The opulent, sometimes scandalous private lives of the Mughals of India is brought to life in this book. The text covers various aspects of their lifestyles, such as their food and drinks; clothes and ornaments; perfumes and incense; addictions and intoxicants; amusements and pastimes; rituals of circumcision; and marriage and harem life. This well-written book will be a delight to the lay reader as well as the serious scholar.
Titled as it is, the book deals with the little known but much scandalised private life of the Mughals, who ruled from 1526 practically to 1803, when the British captured Delhi and Agra, their nerve centres, from them. This included the period of the reign of three great Mughals, viz. Akbar (1556-1605), Jehangir (1605-27) and Shah Jahan (1628-58), of little more than a century.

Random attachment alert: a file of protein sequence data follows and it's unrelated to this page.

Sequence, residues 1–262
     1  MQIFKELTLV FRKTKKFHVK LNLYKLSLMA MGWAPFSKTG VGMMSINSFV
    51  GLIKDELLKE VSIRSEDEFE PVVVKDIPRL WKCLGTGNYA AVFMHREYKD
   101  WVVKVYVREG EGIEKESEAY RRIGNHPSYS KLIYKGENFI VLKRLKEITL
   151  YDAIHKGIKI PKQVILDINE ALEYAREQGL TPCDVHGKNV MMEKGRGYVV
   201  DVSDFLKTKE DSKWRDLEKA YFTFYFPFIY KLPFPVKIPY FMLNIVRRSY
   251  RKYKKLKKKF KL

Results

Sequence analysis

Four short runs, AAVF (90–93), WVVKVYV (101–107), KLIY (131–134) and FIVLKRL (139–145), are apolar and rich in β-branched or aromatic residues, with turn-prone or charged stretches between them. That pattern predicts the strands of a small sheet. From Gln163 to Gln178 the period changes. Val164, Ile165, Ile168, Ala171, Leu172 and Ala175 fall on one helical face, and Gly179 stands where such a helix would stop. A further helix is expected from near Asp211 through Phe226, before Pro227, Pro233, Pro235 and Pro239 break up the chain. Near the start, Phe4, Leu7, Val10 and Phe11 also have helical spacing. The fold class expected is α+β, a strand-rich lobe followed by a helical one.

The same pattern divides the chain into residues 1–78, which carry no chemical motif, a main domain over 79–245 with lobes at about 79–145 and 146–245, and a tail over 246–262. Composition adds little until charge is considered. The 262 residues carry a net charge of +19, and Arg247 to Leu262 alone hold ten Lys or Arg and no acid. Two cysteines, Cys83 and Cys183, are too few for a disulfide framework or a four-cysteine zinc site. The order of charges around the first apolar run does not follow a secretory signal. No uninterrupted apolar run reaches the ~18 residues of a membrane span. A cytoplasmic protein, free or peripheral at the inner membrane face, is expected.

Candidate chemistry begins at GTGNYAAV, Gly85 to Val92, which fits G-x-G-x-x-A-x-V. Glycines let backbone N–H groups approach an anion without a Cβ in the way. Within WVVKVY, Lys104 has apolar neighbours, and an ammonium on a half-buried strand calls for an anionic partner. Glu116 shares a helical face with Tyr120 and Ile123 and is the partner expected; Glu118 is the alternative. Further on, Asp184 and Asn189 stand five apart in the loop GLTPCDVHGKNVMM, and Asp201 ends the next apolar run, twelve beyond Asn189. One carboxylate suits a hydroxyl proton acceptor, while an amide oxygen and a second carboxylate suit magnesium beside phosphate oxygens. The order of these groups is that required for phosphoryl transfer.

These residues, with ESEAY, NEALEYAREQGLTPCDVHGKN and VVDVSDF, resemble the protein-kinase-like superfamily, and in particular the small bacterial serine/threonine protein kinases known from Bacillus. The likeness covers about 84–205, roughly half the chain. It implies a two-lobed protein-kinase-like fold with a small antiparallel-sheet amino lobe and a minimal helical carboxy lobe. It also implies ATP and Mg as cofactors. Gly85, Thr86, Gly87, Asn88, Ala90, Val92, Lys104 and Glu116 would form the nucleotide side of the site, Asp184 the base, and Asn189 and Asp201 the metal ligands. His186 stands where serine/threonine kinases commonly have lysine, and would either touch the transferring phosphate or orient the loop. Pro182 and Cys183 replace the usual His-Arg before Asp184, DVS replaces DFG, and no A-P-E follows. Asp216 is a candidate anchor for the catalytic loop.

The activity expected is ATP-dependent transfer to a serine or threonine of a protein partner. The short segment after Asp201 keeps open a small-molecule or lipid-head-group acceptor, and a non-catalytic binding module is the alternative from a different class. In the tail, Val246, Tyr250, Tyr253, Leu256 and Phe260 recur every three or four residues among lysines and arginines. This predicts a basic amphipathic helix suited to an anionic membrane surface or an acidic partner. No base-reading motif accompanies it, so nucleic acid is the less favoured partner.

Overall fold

They possessed not only fabulous wealth but also the vision to found a culture-state in the real sense of the term. Planting it in the soil as naturally as a banyan tree, they institutionalized their life as much as their government. The former, almost completely shrouded in mystery, offers one of the most interesting aspects of medieval Indian history and culture.